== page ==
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Nintendo Ends Its Creator Program, Revamping Its Image and Repairing Relationships

Culture

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After years of cultivating a contentious relationship with its YouTuber fans, Nintendo has loosened its grip on its intellectual property.

Games like Mario Kart and Super Smash Brothers have created superfans of Nintendo products. However, those wanting to show their fandom on YouTube or Twitch found themselves severely challenged by Nintendo’s harsh policies on content sharing. This week, the reins have finally been loosened, as Nintendo announced the end of its controversial Nintendo Creators Program (NCP).

The Next Web described NCP as “a protection racket for YouTube videos,” developed to ensure that Nintendo got a considerable amount of creator profit when gameplay videos were shared. According to Eurogamer, prior versions of the creator agreement had Nintendo aiming to take 100 percent of revenue from content featuring their characters or intellectual property, monetizing whole user channels regardless of how much Nintendo-based content was on it, and demonetizing all user videos who weren’t approved. “The company [was] notorious for bringing the hammer down on anyone using their intellectual property, and on YouTube that took the form of content ID claims” starting in 2014, The Next Web reported. Other methods included shutting down fan projects outright, and sending cease-and-desist letters to emulators that hosted Nintendo games.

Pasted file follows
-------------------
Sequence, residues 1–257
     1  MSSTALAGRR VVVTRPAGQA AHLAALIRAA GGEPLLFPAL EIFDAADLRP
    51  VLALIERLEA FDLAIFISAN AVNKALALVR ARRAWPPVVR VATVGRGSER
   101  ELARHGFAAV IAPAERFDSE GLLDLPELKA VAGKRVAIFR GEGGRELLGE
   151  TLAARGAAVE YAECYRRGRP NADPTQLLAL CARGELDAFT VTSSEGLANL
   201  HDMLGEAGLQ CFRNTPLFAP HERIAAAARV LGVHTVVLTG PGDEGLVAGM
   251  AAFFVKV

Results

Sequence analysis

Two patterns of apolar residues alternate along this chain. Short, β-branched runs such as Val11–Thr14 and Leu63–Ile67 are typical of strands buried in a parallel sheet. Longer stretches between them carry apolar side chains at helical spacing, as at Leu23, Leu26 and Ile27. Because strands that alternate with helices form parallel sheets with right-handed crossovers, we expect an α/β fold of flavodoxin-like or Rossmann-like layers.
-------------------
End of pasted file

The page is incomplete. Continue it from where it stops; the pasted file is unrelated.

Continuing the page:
Forbes contributor Paul Tassi summed up the company’s ill-advised approach in 2015: “This is utter insanity, and shows just how badly Nintendo misunderstands the entire YouTube scene.”

Years later, perhaps recognizing that this approach was hurting both their online presence and their perception from otherwise loyal users, the NCP is being replaced with a less stringent set of guidelines. Among the revised policies:

  • Creators who post content with Nintendo characters must “add their own distinctive stamp on the content” and not just post straight captures of gameplay
  • These policies apply to both videos and livestreams
  • Those wishing to monetize their content now do so through the platform in question (Twitch’s Affiliate Program or YouTube’s Partner Program), rather than through Nintendo directly.

And above all—literally, the language opens their new guidelines—Nintendo seems to want to acknowledge their appreciation for the fandom that the considerable content sharing indicates. This is an important lesson for brands aiming to balance control of their image and online presence, with their relationship to consumers and brand superfans.

“We are humbled every day by your loyalty and passion for Nintendo’s games, characters and worlds, and respect that you want to be able to express yourself creatively by sharing your own original videos and images using content from our games,” they say to open the page. By making it easier for enthusiasts to demonstrate that loyalty and passion, they aim to mend what had previously been a tense and needlessly contentious relationship with fans.

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